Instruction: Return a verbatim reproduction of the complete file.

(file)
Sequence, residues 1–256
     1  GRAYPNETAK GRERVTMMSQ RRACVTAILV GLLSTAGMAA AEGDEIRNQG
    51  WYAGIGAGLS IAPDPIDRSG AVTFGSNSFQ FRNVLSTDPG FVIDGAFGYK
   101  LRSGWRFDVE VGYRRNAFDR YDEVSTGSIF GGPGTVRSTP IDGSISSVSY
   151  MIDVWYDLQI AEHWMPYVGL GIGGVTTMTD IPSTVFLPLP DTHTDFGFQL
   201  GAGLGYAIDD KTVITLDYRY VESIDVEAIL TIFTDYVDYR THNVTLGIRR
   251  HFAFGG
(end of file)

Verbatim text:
Sequence, residues 1–256
     1  GRAYPNETAK GRERVTMMSQ RRACVTAILV GLLSTAGMAA AEGDEIRNQG
    51  WYAGIGAGLS IAPDPIDRSG AVTFGSNSFQ FRNVLSTDPG FVIDGAFGYK
   101  LRSGWRFDVE VGYRRNAFDR YDEVSTGSIF GGPGTVRSTP IDGSISSVSY
   151  MIDVWYDLQI AEHWMPYVGL GIGGVTTMTD IPSTVFLPLP DTHTDFGFQL
   201  GAGLGYAIDD KTVITLDYRY VESIDVEAIL TIFTDYVDYR THNVTLGIRR
   251  HFAFGG